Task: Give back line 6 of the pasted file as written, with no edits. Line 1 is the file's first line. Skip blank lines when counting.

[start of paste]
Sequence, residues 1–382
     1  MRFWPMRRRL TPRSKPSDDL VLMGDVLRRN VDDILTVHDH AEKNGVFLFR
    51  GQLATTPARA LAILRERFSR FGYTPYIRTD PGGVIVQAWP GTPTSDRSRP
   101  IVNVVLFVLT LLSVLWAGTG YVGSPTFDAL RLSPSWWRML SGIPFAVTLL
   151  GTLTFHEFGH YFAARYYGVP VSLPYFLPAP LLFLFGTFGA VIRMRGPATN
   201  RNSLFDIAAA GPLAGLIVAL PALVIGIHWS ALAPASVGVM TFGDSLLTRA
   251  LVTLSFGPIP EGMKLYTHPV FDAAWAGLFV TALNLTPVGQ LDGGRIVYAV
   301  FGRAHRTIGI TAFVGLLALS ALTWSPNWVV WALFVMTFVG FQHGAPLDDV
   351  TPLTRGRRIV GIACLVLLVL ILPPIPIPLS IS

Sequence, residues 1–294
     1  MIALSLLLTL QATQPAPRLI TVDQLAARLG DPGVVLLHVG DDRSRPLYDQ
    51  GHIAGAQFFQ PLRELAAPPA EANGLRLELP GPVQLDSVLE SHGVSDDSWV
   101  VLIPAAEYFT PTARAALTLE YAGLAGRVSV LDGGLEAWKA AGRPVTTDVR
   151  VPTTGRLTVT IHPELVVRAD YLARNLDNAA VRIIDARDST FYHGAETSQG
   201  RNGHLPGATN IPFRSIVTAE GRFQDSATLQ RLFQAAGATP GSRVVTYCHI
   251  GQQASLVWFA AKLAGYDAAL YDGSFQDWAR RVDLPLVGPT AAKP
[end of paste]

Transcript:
   201  RNSLFDIAAA GPLAGLIVAL PALVIGIHWS ALAPASVGVM TFGDSLLTRA